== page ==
Previously, we discussed the omitted spouse statute in California, which provides for the decedent’s surviving spouse when the decedent has failed to provide for said spouse in their will or trust.
One of the major exceptions to the omitted spouse statute in California is what is called a “care custodian.”
A “care custodian” is explicitly defined in California Probate Code Section 21362 as “a person who provides health or social services to a dependent adult,” with “health or social services” defined to include “services provided to a dependent adult because of the person’s dependent condition, including, but not limited to, the administration of medicine, medical testing, wound care, assistance with hygiene, companionship, housekeeping, shopping, cooking, and assistance with finances.”
Probate Code Section 21366 defines a “dependent adult” as either:
A person 65 years of age or older and either the person is unable to provide properly for their personal needs for physical health, food, clothing, or shelter or due to one of more deficits in mental functions the person has difficulty managing their own financial resources or resisting fraud or undue influence, or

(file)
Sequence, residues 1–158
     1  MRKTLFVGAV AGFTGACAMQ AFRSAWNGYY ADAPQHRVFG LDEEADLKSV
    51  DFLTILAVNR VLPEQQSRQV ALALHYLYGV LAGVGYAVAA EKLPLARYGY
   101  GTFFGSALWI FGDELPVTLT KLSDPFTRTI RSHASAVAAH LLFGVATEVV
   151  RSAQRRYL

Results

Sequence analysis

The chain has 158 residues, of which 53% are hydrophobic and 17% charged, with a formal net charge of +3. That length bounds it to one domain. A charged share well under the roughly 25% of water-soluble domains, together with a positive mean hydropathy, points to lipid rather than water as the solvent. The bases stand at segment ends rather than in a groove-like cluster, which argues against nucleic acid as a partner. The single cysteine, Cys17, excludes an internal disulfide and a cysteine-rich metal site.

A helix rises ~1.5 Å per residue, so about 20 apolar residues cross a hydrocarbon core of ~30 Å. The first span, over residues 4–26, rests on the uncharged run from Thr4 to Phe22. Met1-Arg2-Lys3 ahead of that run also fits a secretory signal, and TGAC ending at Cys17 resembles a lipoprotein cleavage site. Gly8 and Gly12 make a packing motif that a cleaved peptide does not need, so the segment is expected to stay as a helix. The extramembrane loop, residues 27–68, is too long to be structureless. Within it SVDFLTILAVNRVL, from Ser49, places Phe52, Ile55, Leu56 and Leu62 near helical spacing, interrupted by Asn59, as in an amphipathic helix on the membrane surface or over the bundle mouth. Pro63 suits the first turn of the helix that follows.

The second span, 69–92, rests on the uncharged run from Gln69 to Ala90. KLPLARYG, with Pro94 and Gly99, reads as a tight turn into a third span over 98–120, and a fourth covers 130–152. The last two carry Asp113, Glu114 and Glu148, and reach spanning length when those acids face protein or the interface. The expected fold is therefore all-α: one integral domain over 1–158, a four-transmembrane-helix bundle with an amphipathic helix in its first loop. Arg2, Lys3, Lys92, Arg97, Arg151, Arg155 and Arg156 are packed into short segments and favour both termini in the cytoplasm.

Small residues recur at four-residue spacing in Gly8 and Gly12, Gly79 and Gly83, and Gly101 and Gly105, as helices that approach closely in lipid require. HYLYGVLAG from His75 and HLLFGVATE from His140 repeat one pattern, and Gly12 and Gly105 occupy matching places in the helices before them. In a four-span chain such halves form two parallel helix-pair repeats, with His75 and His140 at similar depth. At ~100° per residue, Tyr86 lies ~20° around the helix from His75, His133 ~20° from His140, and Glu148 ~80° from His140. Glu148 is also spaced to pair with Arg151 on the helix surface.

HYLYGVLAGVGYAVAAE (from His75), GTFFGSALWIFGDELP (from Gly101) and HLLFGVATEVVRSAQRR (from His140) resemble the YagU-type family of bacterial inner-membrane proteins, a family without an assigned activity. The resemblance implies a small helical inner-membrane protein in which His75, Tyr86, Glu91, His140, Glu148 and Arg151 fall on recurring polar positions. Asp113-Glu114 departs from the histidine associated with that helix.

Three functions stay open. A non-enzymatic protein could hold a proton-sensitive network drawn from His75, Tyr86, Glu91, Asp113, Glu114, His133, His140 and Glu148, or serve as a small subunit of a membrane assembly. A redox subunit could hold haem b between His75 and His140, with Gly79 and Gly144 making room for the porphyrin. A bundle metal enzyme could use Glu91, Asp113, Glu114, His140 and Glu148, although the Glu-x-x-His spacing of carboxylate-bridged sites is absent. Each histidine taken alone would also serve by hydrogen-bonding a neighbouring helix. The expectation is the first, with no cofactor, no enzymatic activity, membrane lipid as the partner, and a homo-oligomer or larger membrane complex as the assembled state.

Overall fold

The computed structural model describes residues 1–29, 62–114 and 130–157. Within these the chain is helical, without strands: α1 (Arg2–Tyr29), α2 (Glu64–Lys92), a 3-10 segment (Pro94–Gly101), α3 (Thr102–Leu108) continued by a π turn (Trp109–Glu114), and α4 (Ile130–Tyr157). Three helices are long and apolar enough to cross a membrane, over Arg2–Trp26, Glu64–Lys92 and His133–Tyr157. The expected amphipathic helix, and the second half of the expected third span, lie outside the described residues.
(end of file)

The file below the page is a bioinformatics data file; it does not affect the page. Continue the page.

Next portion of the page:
A person 18 years of age or older and either unable to provide properly for their personal needs for physical health, food, clothing, or shelter, or due to one or more deficits in mental functions the person has substantial difficulty managing their own financial resources or resisting fraud or undue influence.
Under Probate Code Section 21611(d)(1), the surviving spouse will NOT be entitled to recover under California’s omitted spouse statute if both of the following apply:
The surviving spouse was a “care custodian” of the decedent who was a dependent adult and the marriage commenced while the care custodian provided services to the decedent or within 90 days after those services were last provided to the decedent.
The decedent died less than six months after the marriage commenced.
Probate Code Section 21362 does, however, allow for an exception for someone who acts as a caregiver for the decedent but does not receive compensation for services rendered.
Specifically, such a person is NOT a care custodian under the code section if all the following apply:
The caregiver had a preexisting personal relationship with the decedent at least 90 days before the caregiver started providing services.
The personal relationship existed at least 6 months before the decedent’s death.
If the decedent was admitted to hospice care, then the personal relationship must have existed prior to the date of the decedent’s admission into hospice care.